Spud Farmers Ad-tack Banks Lake Proposalby Peggy Steward
Capital Press, April 18, 2003
The fight over a proposal to draw down Banks Lake in Washington state's Columbia Basin has kicked up a notch.
The Washington Potato Commission has taken out full-page advertisements in four newspapers blasting the proposal.
"The Banks Lake drawdown will have a devestating impact on the Washington potato industry - and you," the ad headline reads.
The ads appeared April 8 in the Spokane spokesman-Reveiw, the Wenatchee World, the Tri-City Herald and the Columbia Basin Herald in Moses Lake.
"We were concerned that a lot of people didn't know about the drawdown proposal," said Pat Boss, executive director of the Washington Potato Commission. "We felt we had to step up, to bring up awareness before it's too late,"
The ads descrive the potato industry's economic contribution to the state and regional economy and the effect the proposed drawdown could have. "The potential devastation to the economies of Columbia Basin communities is very real," the ad said.
It cites several stateistics:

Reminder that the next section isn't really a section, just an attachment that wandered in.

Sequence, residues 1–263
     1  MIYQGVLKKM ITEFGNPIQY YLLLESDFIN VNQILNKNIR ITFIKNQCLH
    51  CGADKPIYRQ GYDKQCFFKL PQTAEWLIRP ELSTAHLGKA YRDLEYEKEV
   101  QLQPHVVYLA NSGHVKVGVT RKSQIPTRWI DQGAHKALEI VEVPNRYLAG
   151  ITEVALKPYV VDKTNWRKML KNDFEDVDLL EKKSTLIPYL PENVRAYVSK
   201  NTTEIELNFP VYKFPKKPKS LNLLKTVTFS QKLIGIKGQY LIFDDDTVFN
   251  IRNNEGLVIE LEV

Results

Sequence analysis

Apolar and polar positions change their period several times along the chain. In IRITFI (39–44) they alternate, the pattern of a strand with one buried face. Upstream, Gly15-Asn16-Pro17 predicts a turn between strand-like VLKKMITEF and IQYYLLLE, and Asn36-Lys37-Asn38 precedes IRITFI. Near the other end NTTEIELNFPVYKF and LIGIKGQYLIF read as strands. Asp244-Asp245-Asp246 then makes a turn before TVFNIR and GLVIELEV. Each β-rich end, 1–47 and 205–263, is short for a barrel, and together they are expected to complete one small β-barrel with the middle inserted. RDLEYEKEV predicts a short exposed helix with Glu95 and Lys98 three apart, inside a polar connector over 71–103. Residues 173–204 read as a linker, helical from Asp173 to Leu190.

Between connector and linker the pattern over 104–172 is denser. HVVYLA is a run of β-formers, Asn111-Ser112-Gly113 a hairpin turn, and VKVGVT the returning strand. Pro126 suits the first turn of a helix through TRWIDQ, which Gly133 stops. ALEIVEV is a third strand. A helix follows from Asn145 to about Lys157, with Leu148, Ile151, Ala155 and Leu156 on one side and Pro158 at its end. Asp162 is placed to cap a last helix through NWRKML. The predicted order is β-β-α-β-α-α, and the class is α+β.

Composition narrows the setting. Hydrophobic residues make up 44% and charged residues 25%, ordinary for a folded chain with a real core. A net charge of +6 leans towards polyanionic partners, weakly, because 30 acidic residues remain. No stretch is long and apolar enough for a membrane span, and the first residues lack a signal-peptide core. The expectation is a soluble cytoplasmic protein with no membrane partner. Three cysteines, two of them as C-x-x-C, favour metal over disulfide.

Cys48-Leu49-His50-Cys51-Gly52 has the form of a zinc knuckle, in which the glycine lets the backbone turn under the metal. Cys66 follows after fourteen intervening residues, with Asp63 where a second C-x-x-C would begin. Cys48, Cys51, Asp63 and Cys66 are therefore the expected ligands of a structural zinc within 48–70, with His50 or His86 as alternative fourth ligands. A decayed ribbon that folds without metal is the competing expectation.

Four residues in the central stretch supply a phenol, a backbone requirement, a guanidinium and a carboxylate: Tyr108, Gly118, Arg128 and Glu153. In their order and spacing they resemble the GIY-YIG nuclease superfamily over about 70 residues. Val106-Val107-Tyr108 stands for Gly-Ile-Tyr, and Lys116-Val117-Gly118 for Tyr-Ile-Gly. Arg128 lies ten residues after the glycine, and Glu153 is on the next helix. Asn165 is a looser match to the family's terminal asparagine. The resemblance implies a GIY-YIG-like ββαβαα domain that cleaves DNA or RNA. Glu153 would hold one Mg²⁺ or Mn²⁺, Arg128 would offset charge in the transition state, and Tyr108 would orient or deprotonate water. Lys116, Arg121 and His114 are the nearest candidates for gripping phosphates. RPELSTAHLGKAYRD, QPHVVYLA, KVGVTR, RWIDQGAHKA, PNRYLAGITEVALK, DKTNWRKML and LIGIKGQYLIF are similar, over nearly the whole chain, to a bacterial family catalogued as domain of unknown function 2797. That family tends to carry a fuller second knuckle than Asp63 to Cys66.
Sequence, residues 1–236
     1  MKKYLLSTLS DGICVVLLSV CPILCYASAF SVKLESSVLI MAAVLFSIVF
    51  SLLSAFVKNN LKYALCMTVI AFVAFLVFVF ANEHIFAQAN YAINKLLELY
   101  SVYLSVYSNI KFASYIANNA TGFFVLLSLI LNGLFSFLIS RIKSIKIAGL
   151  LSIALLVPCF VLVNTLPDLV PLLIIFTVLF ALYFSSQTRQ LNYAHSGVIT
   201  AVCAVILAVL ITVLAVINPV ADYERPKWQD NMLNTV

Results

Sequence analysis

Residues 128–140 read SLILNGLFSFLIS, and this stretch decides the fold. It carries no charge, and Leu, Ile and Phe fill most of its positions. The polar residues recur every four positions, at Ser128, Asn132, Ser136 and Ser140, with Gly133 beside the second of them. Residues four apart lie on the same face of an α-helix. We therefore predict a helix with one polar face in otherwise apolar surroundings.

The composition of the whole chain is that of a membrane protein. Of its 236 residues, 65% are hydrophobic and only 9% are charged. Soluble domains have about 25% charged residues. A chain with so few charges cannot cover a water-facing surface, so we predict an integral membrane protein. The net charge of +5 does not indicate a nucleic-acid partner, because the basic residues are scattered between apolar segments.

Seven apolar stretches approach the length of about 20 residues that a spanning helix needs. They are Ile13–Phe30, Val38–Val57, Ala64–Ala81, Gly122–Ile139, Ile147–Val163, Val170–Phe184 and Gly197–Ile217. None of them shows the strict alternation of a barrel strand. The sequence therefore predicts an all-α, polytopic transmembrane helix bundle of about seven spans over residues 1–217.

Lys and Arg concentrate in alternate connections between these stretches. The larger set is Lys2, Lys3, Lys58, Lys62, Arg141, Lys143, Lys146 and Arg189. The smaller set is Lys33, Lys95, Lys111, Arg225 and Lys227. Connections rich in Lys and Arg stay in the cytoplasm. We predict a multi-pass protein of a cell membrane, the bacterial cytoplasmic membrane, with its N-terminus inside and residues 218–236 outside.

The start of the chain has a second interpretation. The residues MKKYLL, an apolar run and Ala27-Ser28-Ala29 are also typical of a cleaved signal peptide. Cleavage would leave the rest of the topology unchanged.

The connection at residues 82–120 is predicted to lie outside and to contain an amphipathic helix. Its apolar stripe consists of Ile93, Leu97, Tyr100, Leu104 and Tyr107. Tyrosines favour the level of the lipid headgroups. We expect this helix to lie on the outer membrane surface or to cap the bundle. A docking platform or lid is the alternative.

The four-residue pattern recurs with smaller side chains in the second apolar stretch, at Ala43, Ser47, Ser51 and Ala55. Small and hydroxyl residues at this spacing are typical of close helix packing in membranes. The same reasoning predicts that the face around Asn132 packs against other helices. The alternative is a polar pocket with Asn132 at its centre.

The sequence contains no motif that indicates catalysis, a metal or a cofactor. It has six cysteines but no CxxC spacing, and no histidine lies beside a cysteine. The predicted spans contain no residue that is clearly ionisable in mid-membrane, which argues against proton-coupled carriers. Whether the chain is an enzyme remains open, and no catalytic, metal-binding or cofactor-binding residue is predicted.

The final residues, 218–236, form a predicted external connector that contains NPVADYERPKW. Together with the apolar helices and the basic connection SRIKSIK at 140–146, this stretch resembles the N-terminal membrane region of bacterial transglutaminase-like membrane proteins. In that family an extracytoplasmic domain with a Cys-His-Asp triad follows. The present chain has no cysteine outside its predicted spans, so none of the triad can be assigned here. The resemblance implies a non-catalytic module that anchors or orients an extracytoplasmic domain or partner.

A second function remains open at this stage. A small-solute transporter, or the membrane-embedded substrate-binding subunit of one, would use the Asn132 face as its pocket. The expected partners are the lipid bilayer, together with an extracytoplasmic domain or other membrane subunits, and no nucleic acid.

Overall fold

August is the time irrigators need water the most.
BuRec's draft envionmental impact statement on the proposed drawdown indicates it would have no impact on irrigation water supplies, said Brian Gorman, NOAA Fisheries spokesman in Seattle.
Still, the farmers are worried. they are concerned that if there are several dry years in a row, the reservoir's recharge capacity might be affected.
Farmers say the drawdown proposal is based on questionjable data and information in NMFS' 2000 biological opinion, issued under the federal Endangered Species Act. they say there is no evidence the drawdown would benefit fish.
Gorman acknowledged there is a debate about the benefit of flow augmentation to fish.
"It's difficult to put a precise number on how much water is needed to benefit fish," Gorman said. "Just because we don't know that number doesn't mean we shouldn't do it."
"We disagree with NOAA fisheries and the Bureau of Reclamation," Boss said. "This type of thing could be damaging to the potato industry's infrastructure and to the potato growers' ability to irrigate their crops."
The potato commission authorized $50,000 for three sets of ads, Boss said. The Banks Lake issue is the subject of the first set. Other ads are being scheduled to outline the benefits of the potato industry, he said.
learn more on topics covered in the film
see the video
read the script
learn the songs